Definite Integral

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The following article is from The Great Soviet Encyclopedia (1979). It might be outdated or ideologically biased.

Definite Integral

 

one of the fundamental concepts of mathematical analysis; the solution of a number of problems in geometry, mechanics, and physics reduces to a definite integral. The definite integral is a number equal to the limit of the sums of a particular type (integral sums) corresponding to a function f(x) and an interval [a, b]; it is denoted by Definite Integral. Geometrically, the definite integral expresses the area of a “curvilinear trapezoid” bounded by the interval [a, b] on the x-axis, the graph of the function f(x), and the ordinates of the points on the graph that have abscissas a and b. For a precise definition and generalization of the definite integral, seeINTEGRAL and INTEGRAL CALCULUS.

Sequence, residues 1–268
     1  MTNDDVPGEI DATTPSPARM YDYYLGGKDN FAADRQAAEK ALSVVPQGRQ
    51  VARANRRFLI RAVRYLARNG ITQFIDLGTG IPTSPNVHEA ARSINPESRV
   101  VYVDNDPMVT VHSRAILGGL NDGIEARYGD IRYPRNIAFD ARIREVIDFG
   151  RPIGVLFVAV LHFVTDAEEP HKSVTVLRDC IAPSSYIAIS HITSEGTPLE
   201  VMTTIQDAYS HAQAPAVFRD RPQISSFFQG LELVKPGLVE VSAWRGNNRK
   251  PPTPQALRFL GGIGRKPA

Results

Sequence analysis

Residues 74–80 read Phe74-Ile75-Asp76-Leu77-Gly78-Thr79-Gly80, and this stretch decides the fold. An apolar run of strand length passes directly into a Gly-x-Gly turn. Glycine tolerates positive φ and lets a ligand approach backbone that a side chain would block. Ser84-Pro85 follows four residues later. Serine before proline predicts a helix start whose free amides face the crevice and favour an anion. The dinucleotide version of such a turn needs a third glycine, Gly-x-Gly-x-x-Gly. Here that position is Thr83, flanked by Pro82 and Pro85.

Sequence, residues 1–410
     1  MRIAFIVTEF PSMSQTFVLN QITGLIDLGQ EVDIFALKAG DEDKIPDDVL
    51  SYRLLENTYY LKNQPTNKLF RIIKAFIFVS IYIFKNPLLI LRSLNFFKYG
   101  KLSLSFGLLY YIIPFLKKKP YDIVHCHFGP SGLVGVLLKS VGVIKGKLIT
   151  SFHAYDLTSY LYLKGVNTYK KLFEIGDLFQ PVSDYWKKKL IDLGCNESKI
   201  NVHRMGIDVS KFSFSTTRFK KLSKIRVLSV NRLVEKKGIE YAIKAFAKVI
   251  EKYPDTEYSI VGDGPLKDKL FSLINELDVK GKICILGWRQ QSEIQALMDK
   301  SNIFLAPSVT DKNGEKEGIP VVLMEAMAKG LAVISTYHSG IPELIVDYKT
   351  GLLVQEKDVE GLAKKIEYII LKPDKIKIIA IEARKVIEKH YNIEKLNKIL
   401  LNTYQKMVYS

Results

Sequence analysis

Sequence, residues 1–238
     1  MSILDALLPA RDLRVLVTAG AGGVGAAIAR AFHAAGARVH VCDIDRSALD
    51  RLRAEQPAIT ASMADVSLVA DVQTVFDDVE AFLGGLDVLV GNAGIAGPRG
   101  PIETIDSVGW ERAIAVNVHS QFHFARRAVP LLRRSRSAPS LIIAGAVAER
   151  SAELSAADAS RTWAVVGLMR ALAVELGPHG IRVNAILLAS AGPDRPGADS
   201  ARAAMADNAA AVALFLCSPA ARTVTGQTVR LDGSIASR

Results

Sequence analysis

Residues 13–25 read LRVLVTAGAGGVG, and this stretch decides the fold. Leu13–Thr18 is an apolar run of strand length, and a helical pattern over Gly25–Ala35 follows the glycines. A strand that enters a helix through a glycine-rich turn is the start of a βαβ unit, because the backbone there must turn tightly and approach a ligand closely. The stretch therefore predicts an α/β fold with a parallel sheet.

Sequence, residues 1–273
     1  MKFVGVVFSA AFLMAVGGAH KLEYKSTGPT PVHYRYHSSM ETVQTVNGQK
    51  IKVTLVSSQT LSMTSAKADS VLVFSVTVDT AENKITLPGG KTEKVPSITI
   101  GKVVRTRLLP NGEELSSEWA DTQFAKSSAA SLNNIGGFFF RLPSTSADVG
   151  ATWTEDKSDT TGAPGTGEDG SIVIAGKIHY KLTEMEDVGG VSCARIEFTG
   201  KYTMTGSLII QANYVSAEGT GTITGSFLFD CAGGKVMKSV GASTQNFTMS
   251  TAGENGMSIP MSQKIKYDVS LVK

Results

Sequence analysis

The Great Soviet Encyclopedia, 3rd Edition (1970-1979). © 2010 The Gale Group, Inc. All rights reserved.
References in periodicals archive ?
They should be familiar with the term "definite integral" and know how to find the antiderivative of a function.
LO 3.4A: Interpret the meaning of a definite integral within a problem.
As a pre-activity, students should be able to find the value of the definite integral [[integral].sup.6.sub.0] 2+2 sin(x)dx.
If a definite integral is desired, one must use the fact that
As the screen suggests, this particular device represents an indefinite integral by leaving blanks where the limits of a definite integral might appear.
Then the field is open to deal with anti-derivatives and solve simple differential equations, well before the definite integral is introduced through sequences of Riemann sums.
On the other hand, the following program allows students to approximate a definite integral between two points a and b: